“One night I went to a parking lot, sang in this parking lot, with my hands stretched up to the sky,” Bailey recalled. She had hit rock bottom, had to use a wheelchair, and finally yielded to God’s grace. In that moment she felt “no judgment, no condemnation. Nobody was out there throwing rocks at me. I felt the love of Christ and from that day forward I began the process” of becoming a woman again.
It was not easy. The singer had not dressed like a woman for nearly 20 years. In fact, the first time she went back to church, the pastor thought she was a man! “We want to welcome the new brother in the back of the church,” she recalled him saying. In the interview, she burst out laughing at the idea.
The church welcomed her and showed her the love of Jesus. “Everyone was just really nice to me and they encouraged me to read the Bible,” Bailey said. “There wasn’t condemnation so I shut the Word out. We pray to God to find a right balance” between teaching God’s will on sexuality and showing His love to LGBT people.
“I think His provision provided that balance for me, because He wanted me out so bad,” she added.
Bailey also credited God the Holy Spirit with leading her away from the LGBT lifestyle. Of the Bible, she said, “the more you read, the more you’ll be convicted, the more the Holy Spirit grows within you, then the sins you might have done you won’t do again.” She declared herself “completely free” of dressing like a man and being in a sexual relationship with another woman.
Looking back, Bailey said she saw the hand of God working throughout her life. “God’s grace came through the periods when I was high on LSD. The cops didn’t pull us over when there were six of us in a two-seater car. Even though I was still in bondage, He prepared the way for me,” she recalled.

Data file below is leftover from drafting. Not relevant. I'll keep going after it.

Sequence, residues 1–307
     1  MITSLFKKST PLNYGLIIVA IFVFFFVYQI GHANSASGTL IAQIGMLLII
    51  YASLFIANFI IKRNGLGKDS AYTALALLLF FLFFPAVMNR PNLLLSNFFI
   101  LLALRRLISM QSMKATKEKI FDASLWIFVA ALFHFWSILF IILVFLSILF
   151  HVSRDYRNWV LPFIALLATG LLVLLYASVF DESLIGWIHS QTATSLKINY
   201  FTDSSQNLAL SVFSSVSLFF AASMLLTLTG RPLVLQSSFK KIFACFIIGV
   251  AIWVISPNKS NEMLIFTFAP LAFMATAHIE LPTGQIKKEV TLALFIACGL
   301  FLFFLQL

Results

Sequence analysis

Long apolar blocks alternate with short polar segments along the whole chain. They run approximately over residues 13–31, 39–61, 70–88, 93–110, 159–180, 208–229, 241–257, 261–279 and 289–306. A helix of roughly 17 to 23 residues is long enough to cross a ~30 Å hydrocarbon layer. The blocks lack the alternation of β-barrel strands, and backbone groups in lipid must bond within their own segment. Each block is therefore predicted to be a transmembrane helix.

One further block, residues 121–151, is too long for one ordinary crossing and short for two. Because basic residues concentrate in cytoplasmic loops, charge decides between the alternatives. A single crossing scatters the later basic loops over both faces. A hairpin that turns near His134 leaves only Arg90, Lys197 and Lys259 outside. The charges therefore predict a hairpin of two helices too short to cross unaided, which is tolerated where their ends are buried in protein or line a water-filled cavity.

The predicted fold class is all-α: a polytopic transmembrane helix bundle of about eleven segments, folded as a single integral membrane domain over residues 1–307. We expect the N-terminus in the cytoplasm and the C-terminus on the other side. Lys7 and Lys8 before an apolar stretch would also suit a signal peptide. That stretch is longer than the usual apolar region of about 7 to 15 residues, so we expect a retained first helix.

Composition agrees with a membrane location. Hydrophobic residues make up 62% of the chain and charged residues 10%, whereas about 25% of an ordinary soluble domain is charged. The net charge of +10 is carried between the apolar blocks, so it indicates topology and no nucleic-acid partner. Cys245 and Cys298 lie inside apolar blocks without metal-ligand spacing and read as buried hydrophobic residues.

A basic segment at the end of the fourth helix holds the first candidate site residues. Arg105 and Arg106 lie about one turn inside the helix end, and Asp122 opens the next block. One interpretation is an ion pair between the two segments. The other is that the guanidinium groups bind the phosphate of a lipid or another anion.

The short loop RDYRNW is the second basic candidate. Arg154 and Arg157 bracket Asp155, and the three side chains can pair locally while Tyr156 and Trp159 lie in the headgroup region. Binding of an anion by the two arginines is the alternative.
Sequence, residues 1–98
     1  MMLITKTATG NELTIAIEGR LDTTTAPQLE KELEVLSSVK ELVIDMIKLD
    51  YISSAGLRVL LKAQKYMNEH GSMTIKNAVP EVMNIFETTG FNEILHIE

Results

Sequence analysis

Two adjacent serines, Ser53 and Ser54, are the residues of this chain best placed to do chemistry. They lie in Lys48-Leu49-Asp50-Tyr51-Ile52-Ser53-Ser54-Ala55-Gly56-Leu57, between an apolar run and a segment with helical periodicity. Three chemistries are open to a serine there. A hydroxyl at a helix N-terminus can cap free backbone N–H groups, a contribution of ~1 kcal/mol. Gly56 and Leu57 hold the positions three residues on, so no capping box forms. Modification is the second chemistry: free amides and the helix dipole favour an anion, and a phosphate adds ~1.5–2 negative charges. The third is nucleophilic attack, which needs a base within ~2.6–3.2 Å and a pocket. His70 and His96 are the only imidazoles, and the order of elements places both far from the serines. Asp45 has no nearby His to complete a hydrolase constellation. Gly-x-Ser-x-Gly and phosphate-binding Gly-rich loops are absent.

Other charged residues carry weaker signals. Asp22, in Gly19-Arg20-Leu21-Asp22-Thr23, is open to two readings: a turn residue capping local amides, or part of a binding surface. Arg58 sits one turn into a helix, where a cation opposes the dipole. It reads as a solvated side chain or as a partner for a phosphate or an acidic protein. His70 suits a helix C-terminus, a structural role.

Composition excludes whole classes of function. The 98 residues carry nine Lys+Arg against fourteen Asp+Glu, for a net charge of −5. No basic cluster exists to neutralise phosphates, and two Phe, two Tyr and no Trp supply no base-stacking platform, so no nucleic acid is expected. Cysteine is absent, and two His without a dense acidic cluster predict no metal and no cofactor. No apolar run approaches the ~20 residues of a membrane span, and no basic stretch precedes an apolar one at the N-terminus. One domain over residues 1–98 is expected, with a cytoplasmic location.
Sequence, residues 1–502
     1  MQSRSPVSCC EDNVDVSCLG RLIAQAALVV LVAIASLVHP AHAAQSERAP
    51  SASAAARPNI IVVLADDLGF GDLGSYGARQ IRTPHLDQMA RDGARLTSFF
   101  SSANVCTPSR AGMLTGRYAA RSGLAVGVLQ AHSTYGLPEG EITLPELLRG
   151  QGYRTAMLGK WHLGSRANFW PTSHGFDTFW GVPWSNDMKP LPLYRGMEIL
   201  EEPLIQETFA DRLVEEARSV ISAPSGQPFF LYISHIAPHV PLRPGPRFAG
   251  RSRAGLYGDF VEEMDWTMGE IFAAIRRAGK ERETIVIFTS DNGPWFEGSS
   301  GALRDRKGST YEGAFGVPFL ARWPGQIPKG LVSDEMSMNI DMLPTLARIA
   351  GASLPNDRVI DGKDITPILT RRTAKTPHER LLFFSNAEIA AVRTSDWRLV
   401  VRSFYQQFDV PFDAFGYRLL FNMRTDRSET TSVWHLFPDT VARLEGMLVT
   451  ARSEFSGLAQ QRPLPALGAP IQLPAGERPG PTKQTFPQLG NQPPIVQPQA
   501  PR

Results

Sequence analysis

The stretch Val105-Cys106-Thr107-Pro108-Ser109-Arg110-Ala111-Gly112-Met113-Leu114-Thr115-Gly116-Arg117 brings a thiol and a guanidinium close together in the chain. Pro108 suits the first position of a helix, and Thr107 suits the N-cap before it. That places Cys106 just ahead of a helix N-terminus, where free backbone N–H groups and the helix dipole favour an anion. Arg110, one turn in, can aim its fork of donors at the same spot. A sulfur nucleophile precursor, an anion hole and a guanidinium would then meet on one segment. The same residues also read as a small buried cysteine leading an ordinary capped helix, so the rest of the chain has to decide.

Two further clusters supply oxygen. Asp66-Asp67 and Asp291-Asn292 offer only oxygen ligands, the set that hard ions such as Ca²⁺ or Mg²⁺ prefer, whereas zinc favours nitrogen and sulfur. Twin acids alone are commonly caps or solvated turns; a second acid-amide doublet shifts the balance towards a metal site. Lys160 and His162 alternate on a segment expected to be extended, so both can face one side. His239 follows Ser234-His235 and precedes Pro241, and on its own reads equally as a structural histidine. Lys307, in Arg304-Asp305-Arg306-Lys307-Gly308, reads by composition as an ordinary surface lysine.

“That’s a wonderful God who gives us chance and chance over again,” Bailey said.
While she found love and acceptance in the church, she did not find it everywhere. “It’s amazing how many people will be mad at you for wanting to live your natural gender,” Bailey told PJ Media. “People get angry when women want to be women and men want to be men. They say that Christians are the problem, but they’re twisted.”
Even so, she emphasized that Christians need to be humble and gracious in their outreach to LGBT people. “Don’t be holier-than-thou and sanctimonious,” Bailey said. “Just live a life that is real, not like you’re above people. We need to welcome people. If they don’t accept us, be like Jesus. Jesus moved on.”
The singer has been in a wheelchair for “about twelve years,” but now her attitude is entirely different. “God has blessed me tremendously.”
Bailey actually credited her muscular dystrophy with leading her back to God. “I parallel it to the Apostle Paul on his road to Damascus,” she said, referring to Saul’s journey to Damascus, where he planned to persecute Christians. On the road, Paul had a vision of Jesus Christ, was blinded, and came to believe the gospel.
“On his road, he had blindness. On mine, I had a wheelchair,” the singer said. When Paul asked God to remove a “thorn” in his flesh, God responded, “My grace is sufficient for you, for My strength is made perfect in weakness,” so Paul declared, “I will boast in my infirmities, that the power of Christ may rest upon me” (2 Corinthians 12:8-9).
Today, the singer helps other transgender people find their true selves in Jesus. She has posted pictures of former LGBT people who rejected the transgender, gay, or lesbian lifestyle.
She has also interviewed many of these people.
Bailey announced that her book, teased as “Escape From Sodom,” will be released next year, around the same time as a movie tentatively titled “Here’s My Heart.” The movie will feature ex-trans, ex-gay, and ex-lesbian actors and actresses, and should help draw more attention to the struggles within the LGBT community, and the difficulty withdrawing from it.
In this troubled time, Americans need to hear Bailey’s story, and the stories of so many others who left LGBT identity. Not only should their struggles serve as cautionary tales, but they should also provide hope for those wondering if there is life and love after the LGBT movement. The answer is a resounding yes.